We confirm our analytical findings through extensive numerical simulations performed considering uncorrelated scale-free networks with V = 105 nodes and exponent γ = 2.1 44. In Fig. 2B, we compare the global attack rate, i.e. the final fraction of subpopulations that experienced a local outbreak, for two identical metapopulation structures and different values of η (η = 0.06, 0.12). The results of 2 × 103 Monte Carlo simulations per point show a very good agreement with the theoretical threshold calculated from Eq. 5.

Figure 2
figure 2

(A) Phase diagram defined by the threshold condition R*(p, λ) = 1, corresponding to the solid lines, for η = 0 and η = 0.12. We consider uncorrelated scale-free networks of V = 105 nodes and P(k) ~ k−2.1. We set θ = 0.5, and μ = 0.3. (B) Simulated global attack rate D/V as a function of the mobility rate p for different values of the contact scaling exponent η = 0, 0.06, 0.12 and λ = 0.35. Vertical lines indicate the critical threshold value pc calculated by setting R* = 1 in Eq. 5. Each point is averaged over at least 2 × 103 simulations. Error bars correspond to the standard error of the mean.

Overall, the global epidemic threshold is determined in a non-linear way, through the exponent ξ, by the interplay between the contact rate heterogeneity, tuned by the exponent η and the heterogeneity of the mobility patterns, tuned by the exponent θ. The latter can be changed to counterbalance the effect of the contact scaling on the spreading process. In Fig. 3, we show that considering uncorrelated scale-free networks and constant η = 0.12, higher values of θ correspond to a lower critical mobility rate and a larger invasion regime phase space. On the other side, by assuming a negative value of θ, thus a more homogeneous distribution of the mobility flows across the network, the global spreading regime is suppressed. In both cases, it is remarkable that the numerical simulations show a very good agreement with the theoretical value of the threshold (black solid line in Fig. 3), on the full (p − λ) parameter space. Also in this case we considered uncorrelated scale-free networks with V = 105 nodes and exponent γ = 2.1. Each point is averaged in 2 × 103 Monte Carlo simulations. In the Methods Section, we report the full details of the numerical simulations.

Figure 3
figure 3

Simulated global attack rate D/V as a two-dimensional function of the mobility rate p and the transmissibility λ for different mobility network structures characterized by θ = 0.5 (A) and θ = −0.4 (B).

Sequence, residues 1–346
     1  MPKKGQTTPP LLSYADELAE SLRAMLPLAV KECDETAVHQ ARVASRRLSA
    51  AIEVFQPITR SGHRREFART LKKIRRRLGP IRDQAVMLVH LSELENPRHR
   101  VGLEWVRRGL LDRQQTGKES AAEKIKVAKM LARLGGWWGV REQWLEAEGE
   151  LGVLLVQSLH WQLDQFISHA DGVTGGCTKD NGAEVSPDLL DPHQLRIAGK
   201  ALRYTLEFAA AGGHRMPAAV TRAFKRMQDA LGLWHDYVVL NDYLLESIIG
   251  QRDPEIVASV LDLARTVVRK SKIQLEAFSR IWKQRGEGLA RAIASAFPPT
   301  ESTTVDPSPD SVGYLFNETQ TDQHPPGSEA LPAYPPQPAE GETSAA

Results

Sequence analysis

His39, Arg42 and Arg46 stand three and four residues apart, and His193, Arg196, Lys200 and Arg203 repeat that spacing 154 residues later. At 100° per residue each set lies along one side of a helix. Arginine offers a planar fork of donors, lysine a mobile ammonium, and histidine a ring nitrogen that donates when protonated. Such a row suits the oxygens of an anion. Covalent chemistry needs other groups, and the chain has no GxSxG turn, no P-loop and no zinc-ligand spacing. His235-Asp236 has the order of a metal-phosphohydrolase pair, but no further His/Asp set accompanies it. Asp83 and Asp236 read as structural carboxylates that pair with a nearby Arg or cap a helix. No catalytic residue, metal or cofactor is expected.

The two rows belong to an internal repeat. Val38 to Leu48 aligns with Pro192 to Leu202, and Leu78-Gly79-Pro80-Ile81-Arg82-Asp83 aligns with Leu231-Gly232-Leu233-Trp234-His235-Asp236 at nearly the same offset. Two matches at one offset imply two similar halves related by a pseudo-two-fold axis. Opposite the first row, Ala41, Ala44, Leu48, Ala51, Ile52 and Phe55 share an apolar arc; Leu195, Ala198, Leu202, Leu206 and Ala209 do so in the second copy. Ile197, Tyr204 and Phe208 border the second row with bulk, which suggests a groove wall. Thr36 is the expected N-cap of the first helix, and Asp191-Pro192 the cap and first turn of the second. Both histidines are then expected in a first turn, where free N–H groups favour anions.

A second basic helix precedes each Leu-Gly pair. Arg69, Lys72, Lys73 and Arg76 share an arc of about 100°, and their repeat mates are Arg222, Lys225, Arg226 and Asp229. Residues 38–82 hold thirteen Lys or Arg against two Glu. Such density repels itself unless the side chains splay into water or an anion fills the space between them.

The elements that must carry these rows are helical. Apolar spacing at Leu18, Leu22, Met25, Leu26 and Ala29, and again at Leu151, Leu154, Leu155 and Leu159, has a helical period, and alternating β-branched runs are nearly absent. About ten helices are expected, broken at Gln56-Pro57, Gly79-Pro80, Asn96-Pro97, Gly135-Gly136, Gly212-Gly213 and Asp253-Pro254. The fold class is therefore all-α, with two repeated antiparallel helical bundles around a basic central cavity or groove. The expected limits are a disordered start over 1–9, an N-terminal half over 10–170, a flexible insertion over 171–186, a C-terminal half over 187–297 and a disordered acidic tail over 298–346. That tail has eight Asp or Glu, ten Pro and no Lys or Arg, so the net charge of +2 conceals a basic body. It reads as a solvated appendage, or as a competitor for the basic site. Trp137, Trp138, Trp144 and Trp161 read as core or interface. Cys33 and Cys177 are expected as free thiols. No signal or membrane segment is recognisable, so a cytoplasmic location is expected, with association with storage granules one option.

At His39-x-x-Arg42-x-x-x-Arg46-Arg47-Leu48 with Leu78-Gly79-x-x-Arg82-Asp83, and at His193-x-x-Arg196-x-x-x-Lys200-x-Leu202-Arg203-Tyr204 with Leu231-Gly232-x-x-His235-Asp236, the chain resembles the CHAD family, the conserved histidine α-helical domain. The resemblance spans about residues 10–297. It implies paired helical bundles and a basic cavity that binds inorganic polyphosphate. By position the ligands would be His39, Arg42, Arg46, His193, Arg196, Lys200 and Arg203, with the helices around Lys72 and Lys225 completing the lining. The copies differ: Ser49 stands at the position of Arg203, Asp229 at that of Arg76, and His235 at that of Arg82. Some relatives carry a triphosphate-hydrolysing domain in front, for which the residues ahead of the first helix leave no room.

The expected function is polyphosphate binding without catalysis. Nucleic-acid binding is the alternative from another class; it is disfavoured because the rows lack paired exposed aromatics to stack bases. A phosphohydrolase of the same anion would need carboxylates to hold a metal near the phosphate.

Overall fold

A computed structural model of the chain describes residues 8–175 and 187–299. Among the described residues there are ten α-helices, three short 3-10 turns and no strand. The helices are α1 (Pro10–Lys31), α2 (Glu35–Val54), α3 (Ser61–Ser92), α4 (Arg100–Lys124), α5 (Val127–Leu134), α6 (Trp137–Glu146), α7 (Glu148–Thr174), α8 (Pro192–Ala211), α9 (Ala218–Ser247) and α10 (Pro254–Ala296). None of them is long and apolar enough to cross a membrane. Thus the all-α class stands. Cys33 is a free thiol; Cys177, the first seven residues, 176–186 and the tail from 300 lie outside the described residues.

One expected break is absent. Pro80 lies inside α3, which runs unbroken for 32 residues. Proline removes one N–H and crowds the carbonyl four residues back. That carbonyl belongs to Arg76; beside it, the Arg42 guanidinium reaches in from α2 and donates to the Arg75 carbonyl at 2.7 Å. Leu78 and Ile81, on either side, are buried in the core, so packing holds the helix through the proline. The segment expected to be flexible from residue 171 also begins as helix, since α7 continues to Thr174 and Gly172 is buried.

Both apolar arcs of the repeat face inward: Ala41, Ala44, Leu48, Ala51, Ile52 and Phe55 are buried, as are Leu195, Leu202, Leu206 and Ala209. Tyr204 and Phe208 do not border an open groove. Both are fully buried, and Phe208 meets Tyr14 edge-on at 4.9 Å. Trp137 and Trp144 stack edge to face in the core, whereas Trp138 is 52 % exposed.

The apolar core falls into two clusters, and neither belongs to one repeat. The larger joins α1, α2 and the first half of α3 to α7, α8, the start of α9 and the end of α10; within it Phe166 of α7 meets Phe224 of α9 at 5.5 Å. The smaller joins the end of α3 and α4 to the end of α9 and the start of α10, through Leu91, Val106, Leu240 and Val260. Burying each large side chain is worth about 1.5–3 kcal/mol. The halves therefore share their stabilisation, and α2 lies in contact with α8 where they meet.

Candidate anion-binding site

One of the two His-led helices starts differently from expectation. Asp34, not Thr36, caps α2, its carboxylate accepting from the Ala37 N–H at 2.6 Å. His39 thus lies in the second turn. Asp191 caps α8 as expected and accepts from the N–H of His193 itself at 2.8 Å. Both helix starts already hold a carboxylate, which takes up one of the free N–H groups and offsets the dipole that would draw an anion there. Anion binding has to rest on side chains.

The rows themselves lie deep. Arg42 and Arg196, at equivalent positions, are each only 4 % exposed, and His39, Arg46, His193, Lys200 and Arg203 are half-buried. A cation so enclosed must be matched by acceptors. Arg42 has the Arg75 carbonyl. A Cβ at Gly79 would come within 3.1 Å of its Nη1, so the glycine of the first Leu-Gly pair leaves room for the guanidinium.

Black solid lines indicate the analytical predictions for the critical values of p and λ corresponding to R* = 1. Here the network parameters are the same as in Fig. 2 and η = 0.12. Each point of the phase-space is averaged over 2 × 103 simulations. To facilitate the visual comparison between the simulations and the analytical solutions we plot the z-axis considering the negative log10 of D/V.

It is worth to notice that the value of the global threshold R*, and, by extension, the value of pc, depends explicitly on the size of the system, through the moments of the degree distribution of the network. In the regime of large network size and for a range of parameters γ, θ and η that encloses those measured in real systems, it is possible to show that the critical mobility value pc scales as (see the Supplementary Information file for the full derivation). Interestingly, the threshold vanishes for and its trend explicitly depends only on the exponent γ regulating the heterogeneity of the metapopulation network. Beside the dependence of the global threshold on the network size, our analytical treatment is based on a number of assumptions that may not be satisfied in small size systems. Consequently, by reducing the network size we might expect the numerical invasion threshold to deviate from our theoretical predictions. To test the limits of our treatment, we performed numerical simulations on networks of decreasing size (V = 104 and V = 103). Simulation results, shown in Fig. S8 of the Supplementary Information file, indicate that the theoretical predictions are accurate down to the size V = 103, where finite size effects become more evident.